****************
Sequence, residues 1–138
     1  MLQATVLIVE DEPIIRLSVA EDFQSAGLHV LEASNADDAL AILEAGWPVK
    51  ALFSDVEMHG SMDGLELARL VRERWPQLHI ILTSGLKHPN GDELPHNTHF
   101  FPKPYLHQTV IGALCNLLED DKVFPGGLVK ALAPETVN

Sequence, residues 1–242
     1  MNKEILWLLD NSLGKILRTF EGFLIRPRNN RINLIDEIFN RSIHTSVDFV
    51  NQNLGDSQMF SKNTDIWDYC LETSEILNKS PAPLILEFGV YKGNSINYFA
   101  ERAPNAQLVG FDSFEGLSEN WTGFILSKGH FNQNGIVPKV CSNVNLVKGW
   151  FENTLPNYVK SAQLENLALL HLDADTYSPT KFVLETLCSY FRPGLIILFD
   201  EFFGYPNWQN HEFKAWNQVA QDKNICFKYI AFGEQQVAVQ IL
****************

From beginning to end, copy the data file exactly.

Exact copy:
Sequence, residues 1–138
     1  MLQATVLIVE DEPIIRLSVA EDFQSAGLHV LEASNADDAL AILEAGWPVK
    51  ALFSDVEMHG SMDGLELARL VRERWPQLHI ILTSGLKHPN GDELPHNTHF
   101  FPKPYLHQTV IGALCNLLED DKVFPGGLVK ALAPETVN

Sequence, residues 1–242
     1  MNKEILWLLD NSLGKILRTF EGFLIRPRNN RINLIDEIFN RSIHTSVDFV
    51  NQNLGDSQMF SKNTDIWDYC LETSEILNKS PAPLILEFGV YKGNSINYFA
   101  ERAPNAQLVG FDSFEGLSEN WTGFILSKGH FNQNGIVPKV CSNVNLVKGW
   151  FENTLPNYVK SAQLENLALL HLDADTYSPT KFVLETLCSY FRPGLIILFD
   201  EFFGYPNWQN HEFKAWNQVA QDKNICFKYI AFGEQQVAVQ IL